This lesson is in the early stages of development (Alpha version)

Introduction to Working with MRI Data in Python: Setup

Overview

This lesson is designed to be run on either a personal computer or in a web-based interactive computational environment using Binder.

Binder

The Binder webpage for this lesson can be accessed by clicking the button below.

Binder

Binder enables you to run the collection of Python notebooks found in the code folder. All of the software and data used in the lesson are pre-installed in a custom computational environment and no additional software needs to be installed locally.

Binder Tips

If using Binder, please be aware that startup can take anywhere from 30 seconds to 10 minutes, depending on your internet connection and how recent the custom environment was used. Also, files can be uploaded to the Binder environment. However, the state of the environment is not permanent. If you are inactive for 10 minutes, the environment will shut down and all data will be lost. You should save any changed files to their computers in order to preserve them.

Local

Install Python

In this lesson, we will be using Python 3 with some of its most popular scientific and neuroimaging libraries. Although one can install a plain-vanilla Python and all required libraries by hand, we recommend installing Anaconda, a Python distribution that comes with everything we need for the lesson. Detailed installation instructions for various operating systems can be found on The Carpentries template website for workshops and in the Anaconda documentation.

Install Python Packages

Pip is the most common package installer for Python. This lesson requires a few additional neuroimaging-specific Python packages that can be installed with:

pip install nibabel nilearn pybids

Install dcm2niix

We will be using the dcm2niix software package for converting neuroimaging data from the DICOM format that is exported from the MRI scanner to the NIfTI format, which is much easier to work with. Detailed installation instructions for various operating systems can be found on the dcm2niix README. If using the Anaconda Python distribution described earlier, dcm2niix can be installed by running:

conda install -c conda-forge dcm2niix

Install DataLad

In order to obtain some of the data that will be used in this lesson, we will be using DataLad, a tool for managing and version controlling large datasets. Detailed installation instructions for various operating systems can be found in the Datalad Handbook. Again, if using Anaconda, DataLad can be easily installed by running:

conda install -c conda-forge datalad

Obtain lesson materials

Once DataLad has been installed, create a new folder on your Desktop and download the ds000030 dataset found on OpenNeuro.

mkdir ~/Desktop/dc-mri/data
cd ~/Desktop/dc-mri/data
datalad clone https://github.com/OpenNeuroDatasets/ds000030.git

Launch Python interface

To start working with Python, we need to launch a program that will interpret and execute our Python commands. Below we list several options. If you don’t have a preference, proceed with the top option in the list that is available on your machine. Otherwise, you may use any interface you like.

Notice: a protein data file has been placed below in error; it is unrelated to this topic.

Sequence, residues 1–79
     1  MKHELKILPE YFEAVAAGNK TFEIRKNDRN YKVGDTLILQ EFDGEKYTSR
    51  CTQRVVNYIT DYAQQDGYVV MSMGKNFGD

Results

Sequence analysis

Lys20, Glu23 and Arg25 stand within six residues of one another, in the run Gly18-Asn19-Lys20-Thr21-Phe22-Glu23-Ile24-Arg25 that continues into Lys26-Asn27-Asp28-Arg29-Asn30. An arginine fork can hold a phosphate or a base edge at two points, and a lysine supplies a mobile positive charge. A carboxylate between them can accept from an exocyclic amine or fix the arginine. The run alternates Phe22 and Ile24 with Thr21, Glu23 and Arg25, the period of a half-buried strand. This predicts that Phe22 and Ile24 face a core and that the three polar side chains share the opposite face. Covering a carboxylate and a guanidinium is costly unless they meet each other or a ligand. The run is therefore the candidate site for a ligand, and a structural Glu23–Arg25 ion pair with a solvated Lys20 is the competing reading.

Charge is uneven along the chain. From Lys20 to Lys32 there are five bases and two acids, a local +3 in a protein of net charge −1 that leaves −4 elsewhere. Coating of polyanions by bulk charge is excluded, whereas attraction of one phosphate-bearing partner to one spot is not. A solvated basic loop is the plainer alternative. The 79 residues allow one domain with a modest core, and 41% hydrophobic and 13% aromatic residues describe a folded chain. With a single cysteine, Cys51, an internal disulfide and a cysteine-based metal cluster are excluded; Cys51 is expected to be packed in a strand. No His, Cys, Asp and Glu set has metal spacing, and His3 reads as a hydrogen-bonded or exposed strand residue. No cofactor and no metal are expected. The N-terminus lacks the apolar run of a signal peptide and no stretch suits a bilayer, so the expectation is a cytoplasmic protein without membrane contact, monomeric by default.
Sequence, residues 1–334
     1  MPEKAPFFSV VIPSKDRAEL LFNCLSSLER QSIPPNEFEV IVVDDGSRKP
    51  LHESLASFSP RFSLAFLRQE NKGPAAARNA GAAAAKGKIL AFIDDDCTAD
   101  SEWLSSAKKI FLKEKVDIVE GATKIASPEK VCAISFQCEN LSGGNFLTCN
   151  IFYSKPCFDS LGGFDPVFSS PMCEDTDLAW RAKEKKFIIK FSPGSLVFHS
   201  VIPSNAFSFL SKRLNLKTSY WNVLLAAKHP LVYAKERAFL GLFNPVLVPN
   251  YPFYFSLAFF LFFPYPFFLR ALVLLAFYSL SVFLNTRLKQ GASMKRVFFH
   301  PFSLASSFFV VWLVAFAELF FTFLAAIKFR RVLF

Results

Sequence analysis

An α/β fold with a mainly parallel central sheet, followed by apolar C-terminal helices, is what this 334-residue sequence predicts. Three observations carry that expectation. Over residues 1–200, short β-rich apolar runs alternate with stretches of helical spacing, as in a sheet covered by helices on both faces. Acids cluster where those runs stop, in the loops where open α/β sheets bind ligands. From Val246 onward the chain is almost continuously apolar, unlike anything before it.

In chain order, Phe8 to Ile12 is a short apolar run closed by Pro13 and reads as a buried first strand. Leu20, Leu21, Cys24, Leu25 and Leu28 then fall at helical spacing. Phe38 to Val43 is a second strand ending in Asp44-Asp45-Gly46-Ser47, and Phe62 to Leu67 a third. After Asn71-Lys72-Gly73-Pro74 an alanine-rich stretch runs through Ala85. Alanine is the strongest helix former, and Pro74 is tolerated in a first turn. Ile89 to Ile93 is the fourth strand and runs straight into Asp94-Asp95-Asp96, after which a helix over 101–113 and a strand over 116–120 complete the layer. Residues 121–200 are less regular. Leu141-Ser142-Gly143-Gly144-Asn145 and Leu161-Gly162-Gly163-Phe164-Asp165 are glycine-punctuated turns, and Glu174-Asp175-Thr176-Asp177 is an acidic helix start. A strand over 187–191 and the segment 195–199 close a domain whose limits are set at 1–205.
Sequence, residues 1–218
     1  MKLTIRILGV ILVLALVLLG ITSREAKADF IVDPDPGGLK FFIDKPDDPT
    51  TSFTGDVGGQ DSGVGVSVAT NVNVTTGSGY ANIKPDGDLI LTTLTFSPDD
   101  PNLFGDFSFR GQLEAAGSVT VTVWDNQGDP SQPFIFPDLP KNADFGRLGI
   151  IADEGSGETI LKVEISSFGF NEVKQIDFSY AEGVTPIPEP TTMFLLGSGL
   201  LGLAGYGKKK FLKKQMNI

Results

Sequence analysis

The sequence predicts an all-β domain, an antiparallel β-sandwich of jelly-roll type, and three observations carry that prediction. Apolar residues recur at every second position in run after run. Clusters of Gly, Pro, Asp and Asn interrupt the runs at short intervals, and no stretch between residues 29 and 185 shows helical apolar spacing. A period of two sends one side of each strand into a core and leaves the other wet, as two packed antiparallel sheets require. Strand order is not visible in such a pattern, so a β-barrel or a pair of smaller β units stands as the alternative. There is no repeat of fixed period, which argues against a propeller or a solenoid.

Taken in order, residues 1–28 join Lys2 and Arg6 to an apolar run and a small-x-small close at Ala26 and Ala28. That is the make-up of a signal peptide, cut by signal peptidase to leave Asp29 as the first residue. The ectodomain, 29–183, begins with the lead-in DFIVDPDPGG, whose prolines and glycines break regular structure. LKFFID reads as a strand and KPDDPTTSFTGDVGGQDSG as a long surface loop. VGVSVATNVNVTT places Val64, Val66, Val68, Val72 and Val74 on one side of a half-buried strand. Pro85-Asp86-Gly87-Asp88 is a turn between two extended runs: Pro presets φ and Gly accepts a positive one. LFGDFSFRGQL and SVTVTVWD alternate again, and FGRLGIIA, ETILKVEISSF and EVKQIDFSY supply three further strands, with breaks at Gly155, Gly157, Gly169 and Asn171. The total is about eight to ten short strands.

Option A: Jupyter Notebook

A Jupyter Notebook provides a browser-based interface for working with Python. If you installed Anaconda, you can launch a notebook in two ways:

Anaconda Navigator

  1. Launch Anaconda Navigator. It might ask you if you’d like to send anonymized usage information to Anaconda developers: Anaconda Navigator first launch Make your choice and click “Ok, and don’t show again” button.

  2. Find the “Notebook” tab and click on the “Launch” button: Anaconda Navigator Notebook launch Anaconda will open a new browser window or tab with a Notebook Dashboard showing you the contents of your Home (or User) folder.

  3. Navigate to the data directory by clicking on the directory names leading to it: Desktop, dc-mri, then data: Anaconda Navigator Notebook directory
  4. Launch the notebook by clicking on the “New” button and then selecting “Python 3”: Anaconda Navigator Notebook directory

Command line (Terminal)

1. Navigate to the data directory:

Unix shell

If you’re using a Unix shell application, such as Terminal app in macOS, Console or Terminal in Linux, or Git Bash on Windows, execute the following command:

cd ~/Desktop/dc-mri/data

Command Prompt (Windows)

On Windows, you can use its native Command Prompt program. The easiest way to start it up is pressing Windows Logo Key+R, entering cmd, and hitting Return. In the Command Prompt, use the following command to navigate to the data folder:

cd /D %userprofile%\Desktop\dc-mri\data

2. Start Jupyter server

Unix shell

jupyter notebook

Command Prompt (Windows)

python -m notebook

3. Launch the notebook by clicking on the “New” button on the right and selecting “Python 3” from the drop-down menu: Anaconda Navigator Notebook directory

 

Option B: IPython interpreter

IPython is an alternative solution situated somewhere in between the plain-vanilla Python interpreter and Jupyter Notebook. It provides an interactive command-line based interpreter with various convenience features and commands. You should have IPython on your system if you installed Anaconda.

To start using IPython, execute:

ipython

 

Option C: plain-vanilla Python interpreter

To launch a plain-vanilla Python interpreter, execute:

python

If you are using Git Bash on Windows, you have to call Python via winpty:

winpty python